Cat allergy

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Symptoms such as runny nose, watery eyes, wheezing or sneezing that occur after petting a cat simply indicates that the individual has cat allergy. It is important to note that cat allergy can contribute to persistent allergy symptoms since exposure can occur at school, at work, at the day care center or in other indoor environments even if a cat is not around.

Remember that cats produce several allergens that are present on the skin, fur and saliva. All cats produce allergens and homes with more than one cat have elevated levels of cat allergens. Certain characteristics such as the gender, length of hair and amount of time the cat spends indoors are not linked with the level of cat allergens. In addition, pollen and dust in the cat’s coat can also trigger allergy symptoms. In such cases, the allergy is due to dust or pollen, not to the cat.

Cat allergy symptoms

The symptoms of cat allergy can range from mild to severe depending on the sensitivity of the individual as well as the level of exposure to allergens. These can also influence how quickly the symptoms develop after exposure. Individuals who are highly sensitive can also develop symptoms including breathing issues or rashes within minutes after touching a cat or entering a house with a cat.

The common symptoms typically include the following:

  • Facial pain
  • Runny or stuffed nose along with sneezing episodes
  • Watery, itchy or red eyes
  • Coughing, shortness of breath, chest tightness and wheezing
  • Hives or skin rashes

In some individuals, they develop hives or rash after being scratched by a cat.

Cat allergy
Runny or stuffed nose along with sneezing episodes

Diagnosing cat allergies

If an individual is suspected with cat allergy, a doctor should be consulted for proper diagnosis and treatment.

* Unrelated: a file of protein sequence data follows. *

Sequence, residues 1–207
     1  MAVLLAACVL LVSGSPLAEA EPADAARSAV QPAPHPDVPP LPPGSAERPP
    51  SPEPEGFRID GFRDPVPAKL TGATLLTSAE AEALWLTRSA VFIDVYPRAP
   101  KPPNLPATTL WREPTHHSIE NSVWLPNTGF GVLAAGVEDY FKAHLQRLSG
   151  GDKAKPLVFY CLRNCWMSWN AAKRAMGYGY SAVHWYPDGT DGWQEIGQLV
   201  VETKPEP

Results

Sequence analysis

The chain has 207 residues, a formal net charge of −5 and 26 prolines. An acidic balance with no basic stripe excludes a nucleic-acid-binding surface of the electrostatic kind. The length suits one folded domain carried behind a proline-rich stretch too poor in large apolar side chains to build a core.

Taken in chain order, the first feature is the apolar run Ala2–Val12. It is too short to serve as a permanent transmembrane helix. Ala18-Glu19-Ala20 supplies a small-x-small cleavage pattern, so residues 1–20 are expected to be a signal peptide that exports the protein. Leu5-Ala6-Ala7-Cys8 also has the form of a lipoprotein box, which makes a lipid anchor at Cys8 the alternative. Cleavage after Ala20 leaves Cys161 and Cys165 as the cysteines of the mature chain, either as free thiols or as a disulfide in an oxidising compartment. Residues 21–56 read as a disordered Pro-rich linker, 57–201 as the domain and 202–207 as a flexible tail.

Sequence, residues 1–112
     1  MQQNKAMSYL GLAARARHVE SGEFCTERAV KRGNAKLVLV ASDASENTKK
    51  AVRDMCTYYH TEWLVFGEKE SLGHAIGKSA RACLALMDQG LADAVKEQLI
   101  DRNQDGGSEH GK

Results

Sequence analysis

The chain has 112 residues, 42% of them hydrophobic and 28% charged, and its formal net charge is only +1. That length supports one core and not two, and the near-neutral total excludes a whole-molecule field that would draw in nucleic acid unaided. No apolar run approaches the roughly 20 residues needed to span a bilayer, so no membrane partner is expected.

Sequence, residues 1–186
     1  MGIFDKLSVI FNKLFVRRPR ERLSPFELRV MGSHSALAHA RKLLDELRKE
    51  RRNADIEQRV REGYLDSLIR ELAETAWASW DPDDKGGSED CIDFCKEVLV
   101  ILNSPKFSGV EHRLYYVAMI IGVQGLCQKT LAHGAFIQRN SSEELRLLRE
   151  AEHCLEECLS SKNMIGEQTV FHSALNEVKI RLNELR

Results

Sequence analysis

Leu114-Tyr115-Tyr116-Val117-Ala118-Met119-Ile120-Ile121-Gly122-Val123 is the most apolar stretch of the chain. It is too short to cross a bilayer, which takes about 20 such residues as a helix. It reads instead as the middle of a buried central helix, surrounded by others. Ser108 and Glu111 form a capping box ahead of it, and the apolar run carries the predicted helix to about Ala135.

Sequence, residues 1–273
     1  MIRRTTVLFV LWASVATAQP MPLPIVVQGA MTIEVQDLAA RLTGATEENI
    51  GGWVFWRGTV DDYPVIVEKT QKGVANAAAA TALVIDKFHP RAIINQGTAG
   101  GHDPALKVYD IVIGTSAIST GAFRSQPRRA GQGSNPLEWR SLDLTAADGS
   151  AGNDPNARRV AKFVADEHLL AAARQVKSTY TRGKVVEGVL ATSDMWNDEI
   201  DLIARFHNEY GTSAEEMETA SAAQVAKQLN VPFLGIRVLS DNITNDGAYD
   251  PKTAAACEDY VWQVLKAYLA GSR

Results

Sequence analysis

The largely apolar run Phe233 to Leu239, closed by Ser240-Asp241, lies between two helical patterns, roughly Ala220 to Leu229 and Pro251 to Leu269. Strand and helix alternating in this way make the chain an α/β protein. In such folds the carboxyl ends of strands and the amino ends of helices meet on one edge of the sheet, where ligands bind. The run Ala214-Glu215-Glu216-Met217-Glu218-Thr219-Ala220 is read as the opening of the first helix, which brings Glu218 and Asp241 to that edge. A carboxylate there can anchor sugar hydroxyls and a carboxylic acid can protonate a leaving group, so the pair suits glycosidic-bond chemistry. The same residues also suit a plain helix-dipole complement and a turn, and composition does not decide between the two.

In most cases, a skin prick test is commonly used to diagnose cat allergies. During this test, a small amount of the cat allergen extract is applied on the skin. The skin is pricked with a small, sterile probe to allow the extract to seep beneath the skin surface. The individual is monitored for redness and swelling or other signs of a reaction which might indicate an allergy.

Management of cat allergies

Remember that avoidance is the ideal way to properly manage cat allergies. If an individual has a cat, it is best to remove the cat from the house. In case the individual has a cat but could not find it a new home or still determined to keep it, there are measures that can help minimize the symptoms.

  • Always keep the cat out of the bedroom.
  • Avoid hugging, petting or kissing the cat. If exposed, wash hands using water and soap.
  • Use a high-efficiency vacuum cleaner or a central vacuum on a regular basis to minimize the level of allergens.
  • A high-efficiency particulate area (HEPA) cleaner must be run continuously in the bedroom or living room to reduce the level of allergens over time.
  • The cat must be given a bath at least once a week to minimize the airborne allergens.

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